Take my website, Poké Trainer Nic, for example. It’s a Pokémon website built with Eleventy that shows a list of my YouTube videos among other things. The videos on the website refresh daily, but it’s not something I do manually.

So how do I do this?

In this tutorial you’ll see how to get information about your YouTube videos and playlists using APIs for displaying within an Eleventy website. To make things better, we’re going to see how to cache this data to prevent making too many requests to an API that has a finite allocation.

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Implement the Konami Keystroke Cheat Code in a Unity Game

Remember all the cheat codes you could use in old-school games back in the day? Remember the Konami cheat code? Ever wonder how you could add cheat codes to your own games?

Adding cheat codes to your game is a great way to leave your imprint. Think easter eggs, but even more secretive.

In this tutorial we’re going to see how to add keystroke driven cheat codes to a game built with Unity and C#. While the Konami cheat code will be the basis of this example, a lot of the logic and ideas can be applied to other aspects of your game.

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Building a Space Shooter Game that Syncs with Unity and MongoDB Realm

When developing a game, in most circumstances you’re going to need to store some kind of data. It could be the score, it could be player inventory, it could be where they are located on a map. The possibilities are endless and it’s more heavily dependent on the type of game.

Need to sync that data between devices and your remote infrastructure? That is a whole different scenario.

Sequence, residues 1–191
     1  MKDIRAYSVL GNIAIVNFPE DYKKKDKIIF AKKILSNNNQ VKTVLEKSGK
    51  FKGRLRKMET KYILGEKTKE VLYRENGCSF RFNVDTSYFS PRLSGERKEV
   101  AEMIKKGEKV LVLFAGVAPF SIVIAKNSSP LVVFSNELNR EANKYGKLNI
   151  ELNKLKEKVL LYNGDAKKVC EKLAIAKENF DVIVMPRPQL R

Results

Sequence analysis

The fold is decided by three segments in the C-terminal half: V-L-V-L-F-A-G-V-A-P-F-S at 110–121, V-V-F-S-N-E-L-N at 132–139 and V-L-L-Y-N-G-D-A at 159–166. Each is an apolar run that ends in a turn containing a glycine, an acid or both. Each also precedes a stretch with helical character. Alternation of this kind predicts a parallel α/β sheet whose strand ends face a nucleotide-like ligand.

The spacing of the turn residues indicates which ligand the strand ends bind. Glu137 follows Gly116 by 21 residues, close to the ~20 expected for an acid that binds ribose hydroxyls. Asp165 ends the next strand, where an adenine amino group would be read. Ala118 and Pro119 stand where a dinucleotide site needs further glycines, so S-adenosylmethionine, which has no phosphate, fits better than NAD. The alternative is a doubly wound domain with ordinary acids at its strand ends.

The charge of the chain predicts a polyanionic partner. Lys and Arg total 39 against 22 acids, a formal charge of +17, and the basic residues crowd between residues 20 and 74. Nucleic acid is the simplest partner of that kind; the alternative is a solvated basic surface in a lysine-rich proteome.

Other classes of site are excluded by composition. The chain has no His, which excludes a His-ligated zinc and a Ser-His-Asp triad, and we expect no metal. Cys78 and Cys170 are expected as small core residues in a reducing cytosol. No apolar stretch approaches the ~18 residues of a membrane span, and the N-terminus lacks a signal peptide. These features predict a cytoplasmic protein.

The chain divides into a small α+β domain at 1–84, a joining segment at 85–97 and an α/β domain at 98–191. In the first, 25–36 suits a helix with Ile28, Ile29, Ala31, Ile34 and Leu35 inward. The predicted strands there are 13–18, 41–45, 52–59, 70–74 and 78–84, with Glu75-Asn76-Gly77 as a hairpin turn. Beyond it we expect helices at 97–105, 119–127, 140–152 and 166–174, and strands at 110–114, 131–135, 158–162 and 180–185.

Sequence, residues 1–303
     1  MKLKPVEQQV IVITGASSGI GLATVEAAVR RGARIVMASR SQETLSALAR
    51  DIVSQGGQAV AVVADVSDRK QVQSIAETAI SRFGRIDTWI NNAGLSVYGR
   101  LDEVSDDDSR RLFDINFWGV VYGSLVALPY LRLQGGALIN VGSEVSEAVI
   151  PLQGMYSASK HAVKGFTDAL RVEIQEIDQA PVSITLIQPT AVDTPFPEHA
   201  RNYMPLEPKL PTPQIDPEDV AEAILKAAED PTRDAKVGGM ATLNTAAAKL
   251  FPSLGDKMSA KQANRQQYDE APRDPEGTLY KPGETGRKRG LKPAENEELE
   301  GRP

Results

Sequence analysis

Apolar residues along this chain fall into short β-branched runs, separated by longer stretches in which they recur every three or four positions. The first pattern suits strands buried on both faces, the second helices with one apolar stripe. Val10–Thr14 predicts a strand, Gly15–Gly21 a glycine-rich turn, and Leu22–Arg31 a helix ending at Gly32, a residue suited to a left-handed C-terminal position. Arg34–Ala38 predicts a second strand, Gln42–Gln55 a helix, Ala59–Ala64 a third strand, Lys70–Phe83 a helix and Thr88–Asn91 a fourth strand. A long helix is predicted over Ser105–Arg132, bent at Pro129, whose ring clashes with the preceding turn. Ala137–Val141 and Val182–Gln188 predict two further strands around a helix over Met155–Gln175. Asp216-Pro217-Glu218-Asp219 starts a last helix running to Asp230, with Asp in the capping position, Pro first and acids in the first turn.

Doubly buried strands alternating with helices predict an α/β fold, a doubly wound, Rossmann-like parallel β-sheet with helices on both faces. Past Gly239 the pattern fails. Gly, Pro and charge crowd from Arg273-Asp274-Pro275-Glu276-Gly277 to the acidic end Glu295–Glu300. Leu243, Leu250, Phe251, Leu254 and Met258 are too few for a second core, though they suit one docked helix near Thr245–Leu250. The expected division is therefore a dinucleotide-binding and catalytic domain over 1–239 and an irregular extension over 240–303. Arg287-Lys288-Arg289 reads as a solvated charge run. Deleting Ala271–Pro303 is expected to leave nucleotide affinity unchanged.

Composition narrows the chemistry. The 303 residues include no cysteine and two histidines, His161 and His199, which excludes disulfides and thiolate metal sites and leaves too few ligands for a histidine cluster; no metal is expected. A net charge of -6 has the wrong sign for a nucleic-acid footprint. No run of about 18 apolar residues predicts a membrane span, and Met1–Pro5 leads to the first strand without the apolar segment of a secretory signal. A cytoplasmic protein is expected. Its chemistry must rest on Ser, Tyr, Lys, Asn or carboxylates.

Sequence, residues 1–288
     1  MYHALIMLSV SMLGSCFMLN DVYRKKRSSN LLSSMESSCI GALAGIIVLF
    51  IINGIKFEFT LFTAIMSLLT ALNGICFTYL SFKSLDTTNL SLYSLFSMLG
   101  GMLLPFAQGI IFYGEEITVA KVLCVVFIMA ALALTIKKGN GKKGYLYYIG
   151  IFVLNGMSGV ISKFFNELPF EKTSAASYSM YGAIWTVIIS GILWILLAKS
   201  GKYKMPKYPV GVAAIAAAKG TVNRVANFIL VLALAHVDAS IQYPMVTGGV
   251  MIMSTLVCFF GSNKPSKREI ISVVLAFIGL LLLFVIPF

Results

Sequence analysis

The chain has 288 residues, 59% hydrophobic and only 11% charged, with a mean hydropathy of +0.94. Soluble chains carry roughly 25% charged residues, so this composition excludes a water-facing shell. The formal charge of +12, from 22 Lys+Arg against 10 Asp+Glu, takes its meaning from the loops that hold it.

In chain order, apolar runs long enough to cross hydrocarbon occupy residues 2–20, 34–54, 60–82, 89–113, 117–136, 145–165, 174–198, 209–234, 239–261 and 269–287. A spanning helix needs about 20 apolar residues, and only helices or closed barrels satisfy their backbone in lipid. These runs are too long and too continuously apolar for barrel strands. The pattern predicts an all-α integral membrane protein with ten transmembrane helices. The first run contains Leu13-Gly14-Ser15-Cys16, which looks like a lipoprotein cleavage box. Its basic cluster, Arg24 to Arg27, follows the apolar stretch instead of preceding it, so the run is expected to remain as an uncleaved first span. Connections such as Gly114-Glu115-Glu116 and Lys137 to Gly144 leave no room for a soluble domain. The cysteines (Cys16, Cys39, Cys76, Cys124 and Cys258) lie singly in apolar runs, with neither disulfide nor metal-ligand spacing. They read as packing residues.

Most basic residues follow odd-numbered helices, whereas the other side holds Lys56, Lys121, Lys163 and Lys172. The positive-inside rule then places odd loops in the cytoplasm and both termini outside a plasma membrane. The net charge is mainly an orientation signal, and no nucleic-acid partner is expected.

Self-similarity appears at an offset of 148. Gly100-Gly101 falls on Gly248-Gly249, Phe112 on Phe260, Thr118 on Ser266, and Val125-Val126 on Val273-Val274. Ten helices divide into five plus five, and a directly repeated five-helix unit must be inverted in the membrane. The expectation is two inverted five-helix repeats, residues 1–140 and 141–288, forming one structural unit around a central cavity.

If you managed to catch MongoDB .Live 2021, you’ll be familiar that the first stable release of the MongoDB Realm SDK for Unity was made available. This means that you can use Realm in your Unity game to store and sync data with only a few lines of code.

In this tutorial, we’re going to build a nifty game that explores some storage and syncing use-cases.

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Get Hyped: Using Docker + Go with MongoDB

In the developer community, ensuring your projects run accurately regardless of the environment can be a pain. Whether it’s trying to recreate a demo from an online tutorial or working on a code review, hearing the words, “Well, it works on my machine…” can be frustrating. Instead of spending hours debugging, we want to introduce you to a platform that will change your developer experience: Docker.

Docker is a great tool to learn because it provides developers with the ability for their applications to be used easily between environments, and it’s resource-efficient in comparison to virtual machines. This tutorial will gently guide you through how to navigate Docker, along with how to integrate Go on the platform. We will be using this project to connect to our previously built MongoDB Atlas Search Cluster made for using Synonyms in Atlas Search. Stay tuned for a fun read on how to learn all the above while also expanding your Gen-Z slang knowledge from our synonyms cluster. Get hyped!